"The right to wear one's hair at any length or in any desired manner is an ingredient of personal freedom protected by the United States Constitution."

The Court does not specify if this right is one guaranteed under the first amendment as a species of free speech or expression or an "additional fundamental right" of the 9th amendment but does state that it is applicable to the States through the due process clause of the Fourteenth Amendment. The court then adopted the test of the recent case of Griswold v. Connecticut, 381 U.S. 479, in holding:

"To limit or curtail this or any other fundamental right, the state has a `substantial burden of justification.'"

The court concluded that since the record contained no evidence that the long hair of the students created any disturbance, the board had failed to sustain the burden of substantial justification and affirmed the trial court.

The Antioch school board is not unmindful of the Breen and other decisions but contends that the record in this case clearly shows that the long hair of Charles Laine was a serious disturbance to the operation of the school and that they therefore sustained the burden of "substantial justification."

It is clear that the right of personal choice in the matters of hair length or style as in other areas of personal appearance is not unlimited. However, the doctrine of the Breen case required that it can only be abridged or curtailed by a school board where the exercise of that right creates an actual disturbance or disruption to the orderly process of school functions. In the Breen case, there was testimony to the effect that other students were distracted by the long hair of the dissident students but, as we have seen, the court concluded that this alone was not evidence of a "disturbance." Here, the evidence shows that approximately 20 students in a school body of over 1,200 expressed complaint in regard to the length of Charles Laine's hair. On two occasions petitions were circulated by students that delayed the start of class. Although there was whistling at Charles in the hall, the dean of boys admitted that this itself was not a disturbance or, indeed, even irregular. The bulk of the evidence in regard to a disturbance was of the diffuse and apparently unfounded fears of the school administration that a major crisis was on hand. The description of the situation as "explosive" or as a "confrontation" appears to reflect the anxieties of the school personnel rather than the reaction of the other students.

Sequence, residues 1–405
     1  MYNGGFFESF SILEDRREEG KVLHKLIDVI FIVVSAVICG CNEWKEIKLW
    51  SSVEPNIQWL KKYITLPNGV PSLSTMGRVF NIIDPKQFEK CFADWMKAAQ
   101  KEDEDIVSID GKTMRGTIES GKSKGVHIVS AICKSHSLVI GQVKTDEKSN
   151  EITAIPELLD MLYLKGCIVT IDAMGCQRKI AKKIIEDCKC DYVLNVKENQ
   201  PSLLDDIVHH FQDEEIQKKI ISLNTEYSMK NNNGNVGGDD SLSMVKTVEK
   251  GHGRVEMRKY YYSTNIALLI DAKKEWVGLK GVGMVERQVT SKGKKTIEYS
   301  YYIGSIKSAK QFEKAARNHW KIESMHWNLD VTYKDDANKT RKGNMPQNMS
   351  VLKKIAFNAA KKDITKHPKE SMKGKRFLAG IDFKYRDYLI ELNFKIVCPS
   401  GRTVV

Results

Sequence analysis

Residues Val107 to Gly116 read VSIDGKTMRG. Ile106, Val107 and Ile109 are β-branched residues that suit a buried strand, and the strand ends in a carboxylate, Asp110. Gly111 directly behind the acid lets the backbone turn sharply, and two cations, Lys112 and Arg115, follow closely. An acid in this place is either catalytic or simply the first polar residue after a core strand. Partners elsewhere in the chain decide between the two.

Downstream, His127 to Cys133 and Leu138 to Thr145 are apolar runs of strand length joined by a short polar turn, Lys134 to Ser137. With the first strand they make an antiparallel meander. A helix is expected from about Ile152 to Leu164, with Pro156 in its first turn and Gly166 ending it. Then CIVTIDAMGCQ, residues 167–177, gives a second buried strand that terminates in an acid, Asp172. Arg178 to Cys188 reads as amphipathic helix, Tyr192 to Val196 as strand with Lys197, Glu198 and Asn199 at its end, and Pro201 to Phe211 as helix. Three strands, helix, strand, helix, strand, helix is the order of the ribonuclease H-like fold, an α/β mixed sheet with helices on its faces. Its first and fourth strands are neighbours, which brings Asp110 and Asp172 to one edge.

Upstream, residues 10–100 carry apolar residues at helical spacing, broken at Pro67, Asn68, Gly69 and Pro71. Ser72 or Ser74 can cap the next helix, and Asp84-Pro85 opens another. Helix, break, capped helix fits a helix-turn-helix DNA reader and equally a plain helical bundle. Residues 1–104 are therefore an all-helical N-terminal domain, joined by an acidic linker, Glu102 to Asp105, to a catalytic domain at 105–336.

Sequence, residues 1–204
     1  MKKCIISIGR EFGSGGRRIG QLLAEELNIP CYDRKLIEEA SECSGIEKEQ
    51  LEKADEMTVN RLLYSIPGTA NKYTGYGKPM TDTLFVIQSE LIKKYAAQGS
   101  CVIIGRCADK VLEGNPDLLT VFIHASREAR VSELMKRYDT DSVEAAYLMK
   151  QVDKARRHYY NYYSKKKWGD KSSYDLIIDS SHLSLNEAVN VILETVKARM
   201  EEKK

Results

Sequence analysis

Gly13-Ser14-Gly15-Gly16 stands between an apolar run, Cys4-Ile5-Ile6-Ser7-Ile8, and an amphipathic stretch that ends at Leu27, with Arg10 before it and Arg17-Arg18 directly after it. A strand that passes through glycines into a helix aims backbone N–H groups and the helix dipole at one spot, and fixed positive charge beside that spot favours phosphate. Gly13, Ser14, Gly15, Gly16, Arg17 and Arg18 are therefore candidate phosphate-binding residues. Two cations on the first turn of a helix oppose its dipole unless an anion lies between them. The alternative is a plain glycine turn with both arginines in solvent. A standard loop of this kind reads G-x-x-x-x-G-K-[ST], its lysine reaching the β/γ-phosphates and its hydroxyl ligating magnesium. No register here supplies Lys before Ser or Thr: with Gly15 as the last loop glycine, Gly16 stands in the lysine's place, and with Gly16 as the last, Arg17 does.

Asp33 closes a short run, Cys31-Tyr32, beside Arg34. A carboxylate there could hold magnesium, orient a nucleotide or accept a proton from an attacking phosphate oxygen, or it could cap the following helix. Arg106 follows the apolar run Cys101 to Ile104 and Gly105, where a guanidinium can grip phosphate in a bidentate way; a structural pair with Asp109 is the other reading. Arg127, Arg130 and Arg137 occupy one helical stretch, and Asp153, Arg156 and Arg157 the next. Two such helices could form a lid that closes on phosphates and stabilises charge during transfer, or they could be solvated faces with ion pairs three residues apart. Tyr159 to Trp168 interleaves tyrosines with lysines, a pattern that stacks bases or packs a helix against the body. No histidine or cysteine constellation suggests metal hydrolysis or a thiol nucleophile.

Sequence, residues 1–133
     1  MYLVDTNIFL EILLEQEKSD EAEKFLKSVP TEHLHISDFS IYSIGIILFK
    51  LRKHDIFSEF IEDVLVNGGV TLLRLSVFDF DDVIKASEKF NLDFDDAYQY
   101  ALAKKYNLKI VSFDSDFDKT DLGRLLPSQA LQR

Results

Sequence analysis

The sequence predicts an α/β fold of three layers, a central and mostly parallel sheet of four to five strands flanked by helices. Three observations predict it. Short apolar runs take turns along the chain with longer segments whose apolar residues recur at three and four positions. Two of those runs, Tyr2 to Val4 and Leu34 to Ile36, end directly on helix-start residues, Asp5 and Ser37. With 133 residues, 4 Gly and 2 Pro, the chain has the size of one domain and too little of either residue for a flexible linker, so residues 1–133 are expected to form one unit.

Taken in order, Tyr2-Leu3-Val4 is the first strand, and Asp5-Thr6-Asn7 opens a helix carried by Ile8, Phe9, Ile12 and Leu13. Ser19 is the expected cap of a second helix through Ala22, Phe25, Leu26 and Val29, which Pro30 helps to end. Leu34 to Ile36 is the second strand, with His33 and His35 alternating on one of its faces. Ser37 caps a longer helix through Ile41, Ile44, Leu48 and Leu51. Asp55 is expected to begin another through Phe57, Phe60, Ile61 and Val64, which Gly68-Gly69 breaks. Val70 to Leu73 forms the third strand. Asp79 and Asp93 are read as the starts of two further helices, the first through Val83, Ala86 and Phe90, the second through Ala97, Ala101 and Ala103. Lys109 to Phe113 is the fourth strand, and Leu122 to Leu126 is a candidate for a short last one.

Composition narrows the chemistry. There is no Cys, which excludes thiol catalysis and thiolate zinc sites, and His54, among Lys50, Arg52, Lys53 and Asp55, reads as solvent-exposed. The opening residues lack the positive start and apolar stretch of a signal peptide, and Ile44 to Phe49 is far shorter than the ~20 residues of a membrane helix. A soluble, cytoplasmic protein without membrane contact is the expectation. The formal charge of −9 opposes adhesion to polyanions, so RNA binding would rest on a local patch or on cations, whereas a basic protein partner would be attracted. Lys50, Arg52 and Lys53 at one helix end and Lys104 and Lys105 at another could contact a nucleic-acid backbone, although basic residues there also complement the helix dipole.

Although we realize that the Tinker case, quoted earlier, expressly did not apply to school regulations of hair or dress, we believe that certain language in that case is pertinent to the problem before us. There the court stated at pages 508 and 509:

"But, in our system, undifferentiated fear or apprehension of disturbance is not enough to overcome the right to freedom of expression. Any departure from absolute regimentation may cause trouble. Any variation from the majority's opinion may inspire fear. Any word spoken, in class, in the lunchroom, or on the campus, that deviates from the views of another person may start an argument or cause a disturbance. But our Constitution says we must take this risk, Terminiello v. Chicago, 337 U.S. 1, 93 L Ed 1131, 69 S Ct 894 (1949); and our history says that it is this sort of hazardous freedom — this kind of openness — that is the basis of our national strength and of the independence and vigor of Americans who grow up and live in this relatively permissive, often disputatious, society."

We do not feel that the evidence before us is sufficient to justify the abridgment of the right of Charles Laine to wear his hair as he sees fit. The judgment of the trial court is, therefore, reversed and remanded with instructions to enter an order that the defendants be permanently restrained and enjoined from attempting to suspend or expel Charles Laine because of the length or style of his hair.

Reversed and remanded with instructions.

DAVIS, P.J. and SEIDENFELD, J., concur.

19700622

© 2002 VersusLaw Inc.